The Telepresent – Steven Wilson (1997)

We looked a lot at things with arial views, using the “god trick,” having a view from above in an unnatural manner that gives us insight into what we might never be able to see without the power of flight. The arial imagery comes from birds, planes, drones and satellites, and looks down upon us. What about the view at ground level? This got me thinking about Steven Wilson’s project, The Telepresent. 

The Telepresent actually looks and is interacted with like a present. It’s gift wrapped and you give it to someone else when you are done with it. It is equipped with a laptop, wireless modem and camera (all hidden in the box) which periodically take pictures and upload them to the web, so web viewers see what the present sees. Web viewers can also send the present text which it will speak to the holder of the present, but I’m more interested in the idea of the imagery. Also, it has a GPS locator so the viewers can see the current location of the present.

So, rather than viewing from above for an inhuman perspective, this project, still using satellites for location and up/downloading the data, is giving viewers a very human perspective that they wouldn’t see without this kind of a project. A quote from wilson’s page about it sums up the experience nicely:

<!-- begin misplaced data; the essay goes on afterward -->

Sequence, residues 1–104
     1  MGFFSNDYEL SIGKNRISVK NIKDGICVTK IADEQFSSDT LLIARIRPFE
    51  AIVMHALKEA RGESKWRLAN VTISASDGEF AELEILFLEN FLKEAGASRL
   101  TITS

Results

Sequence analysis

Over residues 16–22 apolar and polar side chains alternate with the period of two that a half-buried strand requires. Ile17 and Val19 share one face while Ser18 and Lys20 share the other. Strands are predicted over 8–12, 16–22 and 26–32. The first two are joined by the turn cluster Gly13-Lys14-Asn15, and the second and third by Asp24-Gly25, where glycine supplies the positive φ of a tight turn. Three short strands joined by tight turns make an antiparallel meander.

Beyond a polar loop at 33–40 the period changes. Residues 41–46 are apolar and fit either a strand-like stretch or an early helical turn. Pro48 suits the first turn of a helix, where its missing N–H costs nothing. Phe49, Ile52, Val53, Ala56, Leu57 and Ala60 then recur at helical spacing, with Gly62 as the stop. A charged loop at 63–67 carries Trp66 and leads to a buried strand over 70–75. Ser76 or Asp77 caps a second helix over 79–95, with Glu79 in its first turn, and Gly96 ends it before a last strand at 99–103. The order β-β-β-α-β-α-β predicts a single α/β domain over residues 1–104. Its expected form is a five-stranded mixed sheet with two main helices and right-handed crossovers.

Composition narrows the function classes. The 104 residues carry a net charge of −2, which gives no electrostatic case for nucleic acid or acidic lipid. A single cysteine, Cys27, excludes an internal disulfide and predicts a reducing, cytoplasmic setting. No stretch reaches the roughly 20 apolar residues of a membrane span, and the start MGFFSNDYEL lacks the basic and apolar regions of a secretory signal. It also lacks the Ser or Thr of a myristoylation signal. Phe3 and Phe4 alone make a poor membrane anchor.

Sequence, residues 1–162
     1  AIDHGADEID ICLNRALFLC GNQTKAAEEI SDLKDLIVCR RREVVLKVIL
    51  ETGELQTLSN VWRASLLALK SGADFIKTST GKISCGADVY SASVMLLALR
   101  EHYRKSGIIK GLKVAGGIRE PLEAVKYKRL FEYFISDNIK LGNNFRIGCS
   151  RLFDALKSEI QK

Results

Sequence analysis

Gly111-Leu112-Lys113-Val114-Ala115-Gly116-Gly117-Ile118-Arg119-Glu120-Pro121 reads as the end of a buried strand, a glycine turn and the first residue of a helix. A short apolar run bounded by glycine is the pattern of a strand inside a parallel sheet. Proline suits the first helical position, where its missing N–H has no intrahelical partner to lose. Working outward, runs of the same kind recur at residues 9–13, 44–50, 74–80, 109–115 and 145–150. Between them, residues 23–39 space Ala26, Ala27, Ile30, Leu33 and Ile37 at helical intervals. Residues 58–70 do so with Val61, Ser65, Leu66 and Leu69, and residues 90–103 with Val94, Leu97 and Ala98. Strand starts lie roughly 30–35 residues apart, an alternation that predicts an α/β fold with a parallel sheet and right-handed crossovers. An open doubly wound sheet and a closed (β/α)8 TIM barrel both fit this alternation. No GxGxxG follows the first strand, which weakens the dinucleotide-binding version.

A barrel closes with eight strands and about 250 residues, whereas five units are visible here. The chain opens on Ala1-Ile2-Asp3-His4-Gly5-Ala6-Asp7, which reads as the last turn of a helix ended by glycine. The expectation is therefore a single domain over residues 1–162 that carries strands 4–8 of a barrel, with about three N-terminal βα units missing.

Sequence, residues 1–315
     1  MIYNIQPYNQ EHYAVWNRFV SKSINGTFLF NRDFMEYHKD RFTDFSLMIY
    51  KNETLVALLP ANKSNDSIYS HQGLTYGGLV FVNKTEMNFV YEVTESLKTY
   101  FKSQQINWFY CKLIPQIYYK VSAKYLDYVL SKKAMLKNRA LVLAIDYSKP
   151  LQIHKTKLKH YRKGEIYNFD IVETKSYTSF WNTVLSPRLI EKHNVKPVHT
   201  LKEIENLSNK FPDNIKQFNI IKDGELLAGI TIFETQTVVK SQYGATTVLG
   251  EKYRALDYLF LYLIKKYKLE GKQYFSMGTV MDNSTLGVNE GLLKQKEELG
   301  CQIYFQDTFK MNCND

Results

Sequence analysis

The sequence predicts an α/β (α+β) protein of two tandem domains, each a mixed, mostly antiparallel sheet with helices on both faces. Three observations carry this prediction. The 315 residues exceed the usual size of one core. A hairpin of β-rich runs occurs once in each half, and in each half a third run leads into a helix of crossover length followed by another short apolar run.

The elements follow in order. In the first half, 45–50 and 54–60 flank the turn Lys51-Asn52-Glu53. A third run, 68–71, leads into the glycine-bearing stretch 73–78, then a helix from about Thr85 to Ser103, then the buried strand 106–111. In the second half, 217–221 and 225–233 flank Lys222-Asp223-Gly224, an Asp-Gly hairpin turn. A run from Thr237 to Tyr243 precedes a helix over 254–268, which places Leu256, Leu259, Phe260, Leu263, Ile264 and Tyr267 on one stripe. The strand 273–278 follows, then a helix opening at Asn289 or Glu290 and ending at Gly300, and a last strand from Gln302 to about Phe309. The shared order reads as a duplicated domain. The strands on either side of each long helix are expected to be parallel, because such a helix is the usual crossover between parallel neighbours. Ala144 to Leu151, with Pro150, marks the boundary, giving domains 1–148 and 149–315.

Eventually the telepresent will unpredicatably wander the world through networks of friendships and gift giving. It will chronicle its travesl as it goes, showing whatever each recipient thinks is important or interesting – providing a small window on the world’s diversity of personal lives and cultural niches.

It’s a really interesting project that deals with human networks, access, freedom, mystery, as well as surveillance, solitude, and economics, all of which are discussed further on the site I linked above (and here). A video documenting the project along with some interviews with participants if you are interested:

Now this was 18 years ago. Technology for remote sensing gets more and more advanced, reaching farther out into space and getting us more and more previously impossible perspectives. Social media is sort of the opposite direction, where we are seeing more and more into personal lives, but in a very composed manner. How might we use technology like The Telepresent to see an inhumanly human perspective on human culture and society? And where is the line with privacy in all this? Just some things to consider.

-Ben Breidenthal

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